Updated: Sep 27, 2021
“Do I need a voice teacher or a vocal coach?” That is the question I am asked when perspective students or parents call me. In addition, people inquire about the difference between the two and ask, “How do I know whom to choose?”
All of those are great questions. Before you choose a voice teacher or a vocal coach, first know the difference between the two. Secondly, do your due diligence and learn about the person. Remember that not all voice teachers are qualified to the same degree or equally gifted. The ways in which voice teachers are trained is very important. Singing teachers, like any music teacher, instruct you in ways to develop your instrument. Voice coaches work with voices that are already developed and assist in preparing for the public or online performance. They are not typically trained singers.
A Voice Teacher holds a minimum of a Bachelor of Music Degree in applied voice, vocal performance or vocal pedagogy from a respected university or conservatory of music. Voice teachers should have taken classes in vocal pedagogy (how to teach students to sing). Note that most universities do not offer this class to undergraduates voice majors. Most voice teachers hold a Master of Music Degree in voice or pedagogy and are members of professional organizations such as Voice and Speech Trainers Association or the National Association of Teachers of Singing. Voice teachers have had rigorous training in vocal technique, vocal health and focus on vocal development of voices of children through adults; experience in developing the pubescent voice, preparation for high school vocal competitions, college level training of voice majors and understanding voice issues of older adults. Singing teachers improve posture, breath control, pitch (singing in turn), range (how high or low you can sing), timbre (the quality of your sound) and resonance (where you feel the vibration when you sing) of the human voice. Vocal health is a major issue with the voice as this musical instrument as it is part of the body. Singers are athletes in that they use their motor skills just as an athlete uses motor skills- by training and practicing repetitive movements until they are fine-tuned. Untrained singers can injure the vocal folds by attempting to recreate the sound they hear from a pop or rock singer. Remember, you only get one set of vocal cords. No one is immune to vocal fatigue, inflammation of the vocal cords, vocal nodules, polyps, cysts or other major vocal issues that may require surgery. The voice teacher also works as the vocal coach in most cases except at the university graduate level.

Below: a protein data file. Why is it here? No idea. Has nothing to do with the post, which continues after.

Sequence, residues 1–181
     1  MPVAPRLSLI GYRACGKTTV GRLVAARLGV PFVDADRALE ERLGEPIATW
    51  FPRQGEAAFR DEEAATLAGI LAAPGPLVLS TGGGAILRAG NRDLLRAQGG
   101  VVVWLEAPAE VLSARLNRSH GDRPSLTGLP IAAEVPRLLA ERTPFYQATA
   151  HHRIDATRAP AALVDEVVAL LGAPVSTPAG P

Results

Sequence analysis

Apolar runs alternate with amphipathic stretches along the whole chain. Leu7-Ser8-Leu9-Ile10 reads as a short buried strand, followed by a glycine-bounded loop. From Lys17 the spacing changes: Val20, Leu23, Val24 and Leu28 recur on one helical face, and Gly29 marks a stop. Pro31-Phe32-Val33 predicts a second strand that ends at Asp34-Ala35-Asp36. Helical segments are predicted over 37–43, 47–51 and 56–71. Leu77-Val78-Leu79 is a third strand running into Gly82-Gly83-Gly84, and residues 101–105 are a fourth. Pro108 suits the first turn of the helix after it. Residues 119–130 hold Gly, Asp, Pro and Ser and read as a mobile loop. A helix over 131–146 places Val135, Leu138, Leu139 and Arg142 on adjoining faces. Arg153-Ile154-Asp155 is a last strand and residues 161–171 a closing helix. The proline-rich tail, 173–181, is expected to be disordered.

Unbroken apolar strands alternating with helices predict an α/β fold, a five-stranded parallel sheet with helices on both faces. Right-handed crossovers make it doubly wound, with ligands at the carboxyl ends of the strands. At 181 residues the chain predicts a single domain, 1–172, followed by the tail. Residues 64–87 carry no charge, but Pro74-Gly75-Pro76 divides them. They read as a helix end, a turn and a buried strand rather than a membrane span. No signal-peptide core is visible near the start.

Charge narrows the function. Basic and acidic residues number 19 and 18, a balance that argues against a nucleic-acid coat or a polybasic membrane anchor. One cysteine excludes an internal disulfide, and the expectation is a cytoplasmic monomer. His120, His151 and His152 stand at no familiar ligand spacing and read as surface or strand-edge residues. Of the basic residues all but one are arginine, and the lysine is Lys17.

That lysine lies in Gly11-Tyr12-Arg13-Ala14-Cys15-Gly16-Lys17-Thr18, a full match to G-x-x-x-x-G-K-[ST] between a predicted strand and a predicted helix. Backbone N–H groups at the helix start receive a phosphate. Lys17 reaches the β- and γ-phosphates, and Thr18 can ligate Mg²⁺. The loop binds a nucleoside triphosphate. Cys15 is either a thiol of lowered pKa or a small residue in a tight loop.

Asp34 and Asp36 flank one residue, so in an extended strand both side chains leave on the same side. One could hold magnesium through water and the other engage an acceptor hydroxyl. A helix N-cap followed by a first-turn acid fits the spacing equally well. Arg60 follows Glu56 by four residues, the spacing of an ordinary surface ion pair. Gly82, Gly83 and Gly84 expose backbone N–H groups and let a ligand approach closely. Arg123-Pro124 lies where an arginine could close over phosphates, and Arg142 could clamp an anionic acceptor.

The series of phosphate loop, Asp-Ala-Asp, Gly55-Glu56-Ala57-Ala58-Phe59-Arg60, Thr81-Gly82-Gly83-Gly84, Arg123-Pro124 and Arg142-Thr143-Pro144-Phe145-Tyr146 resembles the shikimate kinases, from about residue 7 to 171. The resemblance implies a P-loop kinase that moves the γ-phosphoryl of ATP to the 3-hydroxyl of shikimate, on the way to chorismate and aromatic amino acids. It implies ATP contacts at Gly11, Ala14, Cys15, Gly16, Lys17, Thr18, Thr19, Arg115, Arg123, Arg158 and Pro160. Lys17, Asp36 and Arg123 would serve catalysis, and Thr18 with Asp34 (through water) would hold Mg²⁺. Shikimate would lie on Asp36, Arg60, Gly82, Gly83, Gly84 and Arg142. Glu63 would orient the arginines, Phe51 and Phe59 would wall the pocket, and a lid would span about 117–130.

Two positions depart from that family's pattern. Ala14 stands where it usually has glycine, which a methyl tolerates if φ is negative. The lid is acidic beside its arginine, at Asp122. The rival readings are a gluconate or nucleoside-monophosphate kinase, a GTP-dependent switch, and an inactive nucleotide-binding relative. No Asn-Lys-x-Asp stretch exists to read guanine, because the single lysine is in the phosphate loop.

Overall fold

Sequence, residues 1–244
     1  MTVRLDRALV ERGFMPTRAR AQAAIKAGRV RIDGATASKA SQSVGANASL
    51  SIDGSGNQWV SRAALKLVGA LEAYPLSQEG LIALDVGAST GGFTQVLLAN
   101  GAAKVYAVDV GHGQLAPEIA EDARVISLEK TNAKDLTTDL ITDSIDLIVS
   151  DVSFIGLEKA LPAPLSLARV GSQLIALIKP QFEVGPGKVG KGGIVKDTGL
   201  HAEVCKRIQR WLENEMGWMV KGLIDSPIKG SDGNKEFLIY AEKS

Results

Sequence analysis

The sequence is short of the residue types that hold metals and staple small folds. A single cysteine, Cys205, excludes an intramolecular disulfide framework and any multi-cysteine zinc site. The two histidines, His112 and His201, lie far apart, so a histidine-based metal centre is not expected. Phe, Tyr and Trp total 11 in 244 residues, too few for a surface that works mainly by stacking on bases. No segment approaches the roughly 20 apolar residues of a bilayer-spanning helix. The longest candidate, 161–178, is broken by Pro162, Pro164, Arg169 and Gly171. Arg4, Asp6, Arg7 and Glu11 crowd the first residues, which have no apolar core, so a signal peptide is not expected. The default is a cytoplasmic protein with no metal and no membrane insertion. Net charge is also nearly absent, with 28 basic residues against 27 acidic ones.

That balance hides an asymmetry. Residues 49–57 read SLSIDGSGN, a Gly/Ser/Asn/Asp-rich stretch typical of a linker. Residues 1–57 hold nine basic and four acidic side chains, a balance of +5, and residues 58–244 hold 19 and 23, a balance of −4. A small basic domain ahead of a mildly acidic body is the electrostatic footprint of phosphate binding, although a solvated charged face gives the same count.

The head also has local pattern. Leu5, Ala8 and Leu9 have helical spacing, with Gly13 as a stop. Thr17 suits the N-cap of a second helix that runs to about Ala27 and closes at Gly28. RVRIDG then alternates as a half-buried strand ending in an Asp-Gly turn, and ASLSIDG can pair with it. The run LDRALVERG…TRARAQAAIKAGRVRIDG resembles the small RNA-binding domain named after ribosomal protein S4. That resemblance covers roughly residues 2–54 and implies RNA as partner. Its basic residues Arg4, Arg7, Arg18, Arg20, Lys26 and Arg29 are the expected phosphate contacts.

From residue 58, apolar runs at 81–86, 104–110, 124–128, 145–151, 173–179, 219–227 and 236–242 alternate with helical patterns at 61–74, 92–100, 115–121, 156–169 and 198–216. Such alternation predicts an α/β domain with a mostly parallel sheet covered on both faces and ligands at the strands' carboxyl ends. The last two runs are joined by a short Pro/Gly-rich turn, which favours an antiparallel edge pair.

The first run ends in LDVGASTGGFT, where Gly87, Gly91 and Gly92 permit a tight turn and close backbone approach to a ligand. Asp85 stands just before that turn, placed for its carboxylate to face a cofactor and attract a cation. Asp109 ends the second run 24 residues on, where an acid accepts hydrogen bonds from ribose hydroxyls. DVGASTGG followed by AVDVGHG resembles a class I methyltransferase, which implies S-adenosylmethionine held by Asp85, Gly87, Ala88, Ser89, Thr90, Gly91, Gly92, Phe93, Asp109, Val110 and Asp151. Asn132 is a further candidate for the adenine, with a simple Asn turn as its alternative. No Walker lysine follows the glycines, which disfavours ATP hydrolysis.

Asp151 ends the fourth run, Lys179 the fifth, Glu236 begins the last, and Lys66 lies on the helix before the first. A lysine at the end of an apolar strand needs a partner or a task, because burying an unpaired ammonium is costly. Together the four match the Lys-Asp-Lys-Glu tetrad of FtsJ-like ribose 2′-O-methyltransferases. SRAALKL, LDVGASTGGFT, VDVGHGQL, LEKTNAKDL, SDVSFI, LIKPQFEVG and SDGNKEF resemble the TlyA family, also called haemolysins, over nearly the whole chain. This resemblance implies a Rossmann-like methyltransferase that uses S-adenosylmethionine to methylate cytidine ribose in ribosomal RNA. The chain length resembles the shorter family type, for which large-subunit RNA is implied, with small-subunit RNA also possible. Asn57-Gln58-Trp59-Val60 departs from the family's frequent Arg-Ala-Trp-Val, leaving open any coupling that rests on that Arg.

A Vocal Coach may or may not be professionally trained in technique, vocal health or development of the voice. Voice coaches work in one or many genres of music (pop, R &B, rock, classical, etc.) Anyone can call themselves a “voice coach” as there is no certification required. Singing coaches prepare the singer for the performance, once the singer is already prepared. Most vocal coaches are pianists who work with the singer to ensure proper rhythm, dynamics, diction and stage presence. Basically, the vocal coach polishes the singer before the final performance. Be careful here as anyone can hang out a shingle with the words “vocal coach.”
“How do I choose the right voice teacher?” Nothing is more important than having a good rapport with your voice teacher. Your voice teacher is assisting you with an integral part of your identity - your voice. The voice teacher is working with your holistic being, not just your vocal cords. Do your research on the teacher’s/coach’s credentials. Listen to students from the studio and read testimonials from students and parents on the teacher’s website and social media. Inquire if the teacher will meet you in person or online for an initial audition at no cost to learn about you, your vocal needs and interests. Remember that you are paying for that specific person’s extensive understanding, knowledge and experience in their field and they offer that experience at a fair market price.
Your voice is important. Let it be heard. Choose your voice teacher or vocal coach wisely. Know who they are and how they can help you. Remember, if someone promises you something that sounds too good to be true- it probably isn’t!